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On a boat everything is going to need maintenance. You can’t get away from it. Here are a few cruiser maintenance rules to help you understand it’s importance:

  1. You are working in one of the most corrosive environments on the planet.
  2. Things will wear out from use, and things will corrode from non-use. You can’t win.    
  3. Stainless steel will rust.

On our boat, I, Cruising Dad, am in charge of boat systems maintenance. I’m a former soldier, a mechanical engineer, and always, a gear head. Cruising Mom asked for my help explaining basic maintenance concepts and, ultimately, share my maintenance routine to help get you started.

There are two types of maintenance: scheduled and unscheduled.

You can think of maintenance as a constant, and scheduled and unscheduled as factors. By and large the more scheduled maintenance you do, the less unscheduled you need to perform.

Scheduled maintenance

Scheduled maintenance is self explanatory; it consists of those tasks that you have designated to repeat on a schedule. Scheduled maintenance is done on an interval, like weekly, monthly, quarterly, etc., or before an event, like start-up or use. Scheduled maintenance is preferred over unscheduled maintenance because you perform it at your leisure, generally at an comfortable anchorage, and with all the the parts that you need. 

Unscheduled maintenance

Unscheduled maintenance is essentially ‘emergency fixing things’. Unscheduled maintenance is done at the parts leisure, and you should know most of the parts on your boat have an evil sense of humor. Parts think it’s damn funny to see you skinning your knuckles while contorted into an impossible position while other parts are digging into your ribs, all while you are trying to get somewhere in 5 foot seas. 

Preventive Maintenance Checks and Services (PMCS)

No mater how much scheduled maintenance you do, you WILL have some unscheduled maintenance. The key is to minimize it as much as you can. Scheduled maintenance is also known as Preventive Maintenance Checks and Services (PMCS). You should have a maintenance logbook with a written PMCS schedule and log. The PMCS schedule and log are two different elements. The schedule tells you what maintenance is coming up, and the log is a record of the maintenance you’ve done. They are essential.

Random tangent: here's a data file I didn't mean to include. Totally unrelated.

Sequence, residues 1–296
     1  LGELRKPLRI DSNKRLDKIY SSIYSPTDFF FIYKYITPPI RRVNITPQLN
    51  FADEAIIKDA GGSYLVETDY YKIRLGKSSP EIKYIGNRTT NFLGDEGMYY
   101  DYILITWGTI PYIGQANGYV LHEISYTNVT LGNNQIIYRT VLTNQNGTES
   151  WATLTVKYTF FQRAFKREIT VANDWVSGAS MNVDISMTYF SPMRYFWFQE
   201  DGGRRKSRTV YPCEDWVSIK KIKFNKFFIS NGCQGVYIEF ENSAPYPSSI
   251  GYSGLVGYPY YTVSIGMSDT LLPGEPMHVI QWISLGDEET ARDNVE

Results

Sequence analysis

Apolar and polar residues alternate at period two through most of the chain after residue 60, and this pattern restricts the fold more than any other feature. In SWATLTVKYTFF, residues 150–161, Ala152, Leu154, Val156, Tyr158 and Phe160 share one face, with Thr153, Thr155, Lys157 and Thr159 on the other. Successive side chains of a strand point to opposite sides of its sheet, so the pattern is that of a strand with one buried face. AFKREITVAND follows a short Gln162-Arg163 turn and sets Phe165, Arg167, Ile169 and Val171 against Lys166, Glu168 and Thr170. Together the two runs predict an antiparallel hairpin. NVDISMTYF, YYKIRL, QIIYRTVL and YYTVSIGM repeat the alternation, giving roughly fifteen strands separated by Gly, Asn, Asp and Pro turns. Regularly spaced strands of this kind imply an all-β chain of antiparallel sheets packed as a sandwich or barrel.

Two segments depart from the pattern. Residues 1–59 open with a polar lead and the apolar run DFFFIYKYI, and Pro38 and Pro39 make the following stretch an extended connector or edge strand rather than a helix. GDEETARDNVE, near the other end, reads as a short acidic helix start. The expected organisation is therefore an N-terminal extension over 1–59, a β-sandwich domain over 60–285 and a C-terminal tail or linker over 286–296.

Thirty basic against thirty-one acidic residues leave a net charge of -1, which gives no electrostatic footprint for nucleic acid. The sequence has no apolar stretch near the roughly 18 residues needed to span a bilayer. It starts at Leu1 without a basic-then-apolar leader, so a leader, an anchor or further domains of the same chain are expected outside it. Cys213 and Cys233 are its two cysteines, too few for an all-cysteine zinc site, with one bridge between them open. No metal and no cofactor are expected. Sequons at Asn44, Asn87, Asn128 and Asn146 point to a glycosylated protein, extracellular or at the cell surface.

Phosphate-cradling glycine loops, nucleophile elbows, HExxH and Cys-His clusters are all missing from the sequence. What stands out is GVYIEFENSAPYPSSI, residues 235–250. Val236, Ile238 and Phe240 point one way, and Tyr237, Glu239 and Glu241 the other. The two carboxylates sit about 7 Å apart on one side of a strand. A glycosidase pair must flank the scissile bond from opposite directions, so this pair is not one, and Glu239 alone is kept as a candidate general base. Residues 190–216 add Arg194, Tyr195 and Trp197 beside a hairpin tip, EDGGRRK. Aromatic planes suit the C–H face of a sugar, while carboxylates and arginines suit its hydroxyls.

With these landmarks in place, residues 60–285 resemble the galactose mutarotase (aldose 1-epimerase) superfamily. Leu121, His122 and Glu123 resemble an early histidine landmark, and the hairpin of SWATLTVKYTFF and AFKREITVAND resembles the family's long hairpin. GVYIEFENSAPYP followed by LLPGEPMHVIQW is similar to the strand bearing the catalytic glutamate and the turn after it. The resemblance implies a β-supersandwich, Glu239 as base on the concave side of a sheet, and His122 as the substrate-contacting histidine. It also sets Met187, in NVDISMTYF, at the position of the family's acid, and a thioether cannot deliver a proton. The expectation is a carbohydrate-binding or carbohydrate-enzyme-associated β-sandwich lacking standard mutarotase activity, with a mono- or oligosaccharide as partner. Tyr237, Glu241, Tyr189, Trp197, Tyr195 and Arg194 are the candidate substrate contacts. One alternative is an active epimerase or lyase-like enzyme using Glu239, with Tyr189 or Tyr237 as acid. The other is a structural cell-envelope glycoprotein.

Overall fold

In your logbook, write down the nomenclature (manufactur and model #) of all the maintenance equipment on your boat so it can be easily referenced. Your PMCS is dictated by the complexity of your boat and should also be noted in your logbook.

My PMCS Routine

Going into the details of maintenance on the engines, outboard, water maker, winches, generator, standing and running rigging, batteries, A/C, refrigeration, toilets, plumbing, electrical, etc. would be overwhelming, so I’ll simply share MY PMCS routine.

Event Driven PMCS (before start-up/use)
  • engines – oil, coolant, belts, hose clamps, fuel bowl, leaks, pre-filters
  • bilge pumps at engine check
  • toilets – leaks, fluid level
  • running rigging – frays
  • generator – oil, coolant, belts, hose clamps, leaks, pre-filters
  • water maker – oil, run water maker every 5 days
  • fridge/freezer – constant temp readings
Weekly PMCS
  • seacocks – open and close 3 times
  • pre-filters for shower sump – clean out
  • bilge pumps – tip the floats
  • manual bilge pumps – pump
  • dinghy engine – leaks and corrosion, zink, look for dinghy repairs
  • A/C – leaks, operational
Bi-Weekly PMCS
  • bottom – cleaning/inspection, zinks
Monthly PMCS
  • batteries (lead acid) – water
Bi-Monthly PMCS
  • water maker – pre-filters (20 and 5 micron)
Quad Monthly PMCS
  • water maker – carbon filter
Annual PMCS
  • engines – oil, coolant change, all fuel filters, impellers, belts
  • outboard – gear lube change
  • winches – re-grease
  • windless – gear oil change
  • sink – carbon filter
  • standing rigging – inspection
  • anchor chain – inspection
Unscheduled PMCS (i.e. Things I know will break, I just don’t know when.)
  • toilets – have complete sets of rebuild kits, and extra joker valves.